First there was a Kamikaze pheasant which dithered by the roadside before hopping into a field. It then doubled back and made the fatal decision to dash from the safety of the verge, whereupon the Jag ended its life, but took the offside headlamp with it.
Then a touch merchant’s parking in a multi story left a mark on the nearside bumper which is now cracked showing white plastic and looking a bit sorry for itself.
That all happened in a couple of hours and transformed an immaculate car into one that isn’t. The fact that I hadn’t cleaned it in the last eight months is utterly irrelevant.
The interesting fact is that dirty, damaged cars are not usually that cool, whereas beaten up electric guitars, are.
Now I love guitars in the same unhinged, slightly neurotic and mad way that I covet most cars and you may be shocked to learn that it is possible to buy brand new axes (Guitar dude speak for guitars) that have been seriously aged.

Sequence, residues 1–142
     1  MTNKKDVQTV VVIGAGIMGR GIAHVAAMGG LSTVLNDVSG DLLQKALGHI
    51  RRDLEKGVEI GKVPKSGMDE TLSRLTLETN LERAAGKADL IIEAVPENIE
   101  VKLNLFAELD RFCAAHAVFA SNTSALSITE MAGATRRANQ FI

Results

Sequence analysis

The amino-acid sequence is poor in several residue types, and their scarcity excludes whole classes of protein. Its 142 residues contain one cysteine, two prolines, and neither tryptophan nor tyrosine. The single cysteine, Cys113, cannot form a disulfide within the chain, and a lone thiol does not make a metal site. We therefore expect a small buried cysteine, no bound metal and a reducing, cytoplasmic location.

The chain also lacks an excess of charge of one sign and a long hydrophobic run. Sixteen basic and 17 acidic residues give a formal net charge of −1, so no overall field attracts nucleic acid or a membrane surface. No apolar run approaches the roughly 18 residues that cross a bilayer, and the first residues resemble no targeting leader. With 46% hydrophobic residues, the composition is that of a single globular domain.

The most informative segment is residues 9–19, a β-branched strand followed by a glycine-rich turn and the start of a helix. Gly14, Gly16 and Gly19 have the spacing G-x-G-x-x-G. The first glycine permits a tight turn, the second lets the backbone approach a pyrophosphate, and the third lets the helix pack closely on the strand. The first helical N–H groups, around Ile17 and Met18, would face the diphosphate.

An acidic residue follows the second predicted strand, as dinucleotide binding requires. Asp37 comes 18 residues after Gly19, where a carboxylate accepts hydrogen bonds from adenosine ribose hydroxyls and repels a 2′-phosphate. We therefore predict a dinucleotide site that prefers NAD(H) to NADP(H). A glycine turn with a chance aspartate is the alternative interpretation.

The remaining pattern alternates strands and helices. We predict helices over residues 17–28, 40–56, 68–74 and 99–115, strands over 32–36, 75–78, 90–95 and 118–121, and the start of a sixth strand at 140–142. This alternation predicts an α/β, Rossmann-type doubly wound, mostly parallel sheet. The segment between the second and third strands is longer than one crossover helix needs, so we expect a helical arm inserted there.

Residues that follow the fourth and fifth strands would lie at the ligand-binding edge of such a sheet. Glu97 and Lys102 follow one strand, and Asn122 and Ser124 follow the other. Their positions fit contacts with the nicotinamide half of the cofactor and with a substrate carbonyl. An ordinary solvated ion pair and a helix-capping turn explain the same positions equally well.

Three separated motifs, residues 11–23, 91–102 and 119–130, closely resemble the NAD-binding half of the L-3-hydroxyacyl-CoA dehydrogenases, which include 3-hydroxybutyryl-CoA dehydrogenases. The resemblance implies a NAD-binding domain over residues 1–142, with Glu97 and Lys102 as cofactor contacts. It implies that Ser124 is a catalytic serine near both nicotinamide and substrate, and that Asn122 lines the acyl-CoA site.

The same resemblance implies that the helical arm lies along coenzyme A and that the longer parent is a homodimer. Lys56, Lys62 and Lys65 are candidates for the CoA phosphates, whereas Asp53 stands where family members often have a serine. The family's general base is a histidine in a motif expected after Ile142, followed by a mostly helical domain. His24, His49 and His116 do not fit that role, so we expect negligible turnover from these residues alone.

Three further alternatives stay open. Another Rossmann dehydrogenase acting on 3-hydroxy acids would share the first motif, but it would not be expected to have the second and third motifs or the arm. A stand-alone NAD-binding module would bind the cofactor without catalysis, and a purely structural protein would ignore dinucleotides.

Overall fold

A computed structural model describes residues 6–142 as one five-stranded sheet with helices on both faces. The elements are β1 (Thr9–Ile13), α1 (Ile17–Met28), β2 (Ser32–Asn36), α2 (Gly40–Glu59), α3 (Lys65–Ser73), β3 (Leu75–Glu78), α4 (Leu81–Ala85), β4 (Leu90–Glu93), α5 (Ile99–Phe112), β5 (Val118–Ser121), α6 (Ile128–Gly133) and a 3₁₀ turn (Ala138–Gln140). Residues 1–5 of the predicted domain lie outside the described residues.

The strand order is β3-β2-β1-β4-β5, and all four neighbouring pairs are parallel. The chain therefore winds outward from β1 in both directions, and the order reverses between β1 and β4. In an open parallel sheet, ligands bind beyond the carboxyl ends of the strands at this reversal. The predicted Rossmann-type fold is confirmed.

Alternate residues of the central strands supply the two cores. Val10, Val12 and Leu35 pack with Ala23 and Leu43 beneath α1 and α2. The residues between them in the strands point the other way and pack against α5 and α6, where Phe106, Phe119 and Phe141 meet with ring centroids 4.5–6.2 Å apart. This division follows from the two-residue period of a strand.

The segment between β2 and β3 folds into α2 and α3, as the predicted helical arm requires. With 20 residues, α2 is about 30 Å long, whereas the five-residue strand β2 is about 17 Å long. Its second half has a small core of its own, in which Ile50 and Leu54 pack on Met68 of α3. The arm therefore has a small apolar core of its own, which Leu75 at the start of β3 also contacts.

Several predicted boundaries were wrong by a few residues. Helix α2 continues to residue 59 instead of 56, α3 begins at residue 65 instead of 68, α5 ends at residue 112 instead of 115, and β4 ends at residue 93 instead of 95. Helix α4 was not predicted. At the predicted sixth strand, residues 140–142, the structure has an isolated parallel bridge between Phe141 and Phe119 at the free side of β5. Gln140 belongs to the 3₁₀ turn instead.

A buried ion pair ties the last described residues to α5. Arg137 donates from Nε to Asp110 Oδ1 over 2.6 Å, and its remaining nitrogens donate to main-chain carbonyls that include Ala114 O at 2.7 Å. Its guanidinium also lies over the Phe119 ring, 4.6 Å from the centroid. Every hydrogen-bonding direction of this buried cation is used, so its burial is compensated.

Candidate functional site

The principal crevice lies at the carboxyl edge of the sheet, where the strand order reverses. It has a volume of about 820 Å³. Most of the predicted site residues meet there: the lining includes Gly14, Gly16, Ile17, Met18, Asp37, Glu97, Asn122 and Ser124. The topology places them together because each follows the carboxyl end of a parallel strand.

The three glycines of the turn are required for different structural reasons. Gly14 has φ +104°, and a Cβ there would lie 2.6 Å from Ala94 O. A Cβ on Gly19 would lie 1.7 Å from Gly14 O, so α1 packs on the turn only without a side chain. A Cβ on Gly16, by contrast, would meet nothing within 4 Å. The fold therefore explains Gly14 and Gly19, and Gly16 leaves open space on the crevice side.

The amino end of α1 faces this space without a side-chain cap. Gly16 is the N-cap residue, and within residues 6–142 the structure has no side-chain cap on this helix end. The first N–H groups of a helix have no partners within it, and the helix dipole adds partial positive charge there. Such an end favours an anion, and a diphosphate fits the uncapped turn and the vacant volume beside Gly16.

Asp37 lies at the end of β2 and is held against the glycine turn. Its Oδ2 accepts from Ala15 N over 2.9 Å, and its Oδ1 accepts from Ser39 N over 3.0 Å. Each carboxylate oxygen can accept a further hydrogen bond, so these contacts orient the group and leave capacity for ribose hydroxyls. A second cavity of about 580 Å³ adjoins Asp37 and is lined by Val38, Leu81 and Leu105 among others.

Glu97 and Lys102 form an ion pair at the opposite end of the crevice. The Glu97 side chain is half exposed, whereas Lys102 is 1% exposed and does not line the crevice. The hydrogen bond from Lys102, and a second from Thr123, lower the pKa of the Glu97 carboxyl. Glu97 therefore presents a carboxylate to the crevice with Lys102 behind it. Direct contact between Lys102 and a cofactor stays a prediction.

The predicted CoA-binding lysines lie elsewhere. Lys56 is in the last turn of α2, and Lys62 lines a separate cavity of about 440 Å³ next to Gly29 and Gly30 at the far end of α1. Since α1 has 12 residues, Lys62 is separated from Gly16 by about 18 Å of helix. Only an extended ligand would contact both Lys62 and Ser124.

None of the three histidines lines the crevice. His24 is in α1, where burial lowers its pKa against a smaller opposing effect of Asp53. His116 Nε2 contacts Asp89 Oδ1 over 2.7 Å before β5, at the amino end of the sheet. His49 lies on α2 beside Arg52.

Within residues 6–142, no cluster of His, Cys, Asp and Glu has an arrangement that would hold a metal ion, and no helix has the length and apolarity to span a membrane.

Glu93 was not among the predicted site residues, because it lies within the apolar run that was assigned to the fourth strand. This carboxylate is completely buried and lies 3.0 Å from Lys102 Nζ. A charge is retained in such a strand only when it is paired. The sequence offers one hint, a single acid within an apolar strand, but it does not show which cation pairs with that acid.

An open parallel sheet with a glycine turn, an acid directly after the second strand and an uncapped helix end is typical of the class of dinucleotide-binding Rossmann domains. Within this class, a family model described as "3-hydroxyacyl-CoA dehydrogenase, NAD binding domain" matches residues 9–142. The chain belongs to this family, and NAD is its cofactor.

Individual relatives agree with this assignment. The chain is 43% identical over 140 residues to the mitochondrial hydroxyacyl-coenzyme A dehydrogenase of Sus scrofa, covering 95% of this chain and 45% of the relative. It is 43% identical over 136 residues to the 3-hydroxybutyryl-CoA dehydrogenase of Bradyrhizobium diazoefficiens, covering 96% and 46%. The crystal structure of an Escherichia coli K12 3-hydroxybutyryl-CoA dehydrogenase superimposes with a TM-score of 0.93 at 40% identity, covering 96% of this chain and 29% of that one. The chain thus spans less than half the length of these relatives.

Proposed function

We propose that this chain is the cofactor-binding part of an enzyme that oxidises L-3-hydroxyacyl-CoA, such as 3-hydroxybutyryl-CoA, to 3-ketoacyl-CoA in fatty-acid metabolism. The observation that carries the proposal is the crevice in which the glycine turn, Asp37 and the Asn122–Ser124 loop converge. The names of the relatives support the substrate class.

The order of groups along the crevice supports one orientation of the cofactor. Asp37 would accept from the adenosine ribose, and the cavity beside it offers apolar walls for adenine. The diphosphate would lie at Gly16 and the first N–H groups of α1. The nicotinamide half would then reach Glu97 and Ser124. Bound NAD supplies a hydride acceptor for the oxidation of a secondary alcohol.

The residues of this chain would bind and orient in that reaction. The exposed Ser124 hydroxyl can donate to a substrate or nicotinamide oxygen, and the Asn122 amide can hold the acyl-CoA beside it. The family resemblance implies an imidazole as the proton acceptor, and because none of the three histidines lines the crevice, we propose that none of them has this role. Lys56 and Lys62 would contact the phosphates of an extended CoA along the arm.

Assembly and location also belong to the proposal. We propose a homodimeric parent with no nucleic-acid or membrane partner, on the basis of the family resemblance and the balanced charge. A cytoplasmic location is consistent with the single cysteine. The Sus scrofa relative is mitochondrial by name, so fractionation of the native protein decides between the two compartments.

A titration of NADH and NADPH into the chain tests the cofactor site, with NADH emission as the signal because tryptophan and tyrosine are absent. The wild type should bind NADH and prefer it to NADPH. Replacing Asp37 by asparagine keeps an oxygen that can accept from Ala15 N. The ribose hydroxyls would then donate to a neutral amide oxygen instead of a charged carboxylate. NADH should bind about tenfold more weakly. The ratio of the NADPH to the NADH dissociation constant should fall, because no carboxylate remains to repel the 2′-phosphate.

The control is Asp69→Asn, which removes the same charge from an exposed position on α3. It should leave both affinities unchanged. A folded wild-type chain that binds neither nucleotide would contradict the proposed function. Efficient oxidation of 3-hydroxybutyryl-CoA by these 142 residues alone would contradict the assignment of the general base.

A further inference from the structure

They basically have the appearance of well, Keith Richards. ‘Road Worn’ is one of the copyrighted phrases and the chrome bits will be pitted and the painted finish worn back to the wood in all the key strumming areas plus sundry dents and dings.
Of course pre worn cars would be an utter nonsense, or so I thought. But then the other day I was parked in the Series III and through its filthy split screen and over the rusty spare a similarly short wheelbased but brand new silver Defender parked directly opposite me.
It was all buffed alloys, sparkly side steps and the owner looked like someone in graphic design. It was all wrong. Clearly that Defender and its owner needed to be road worn right away.
So my point is which cars should look road worn (eg ex racers, minicabs) and just what cars ought to be road worn (a £1999.99 option) from the factory?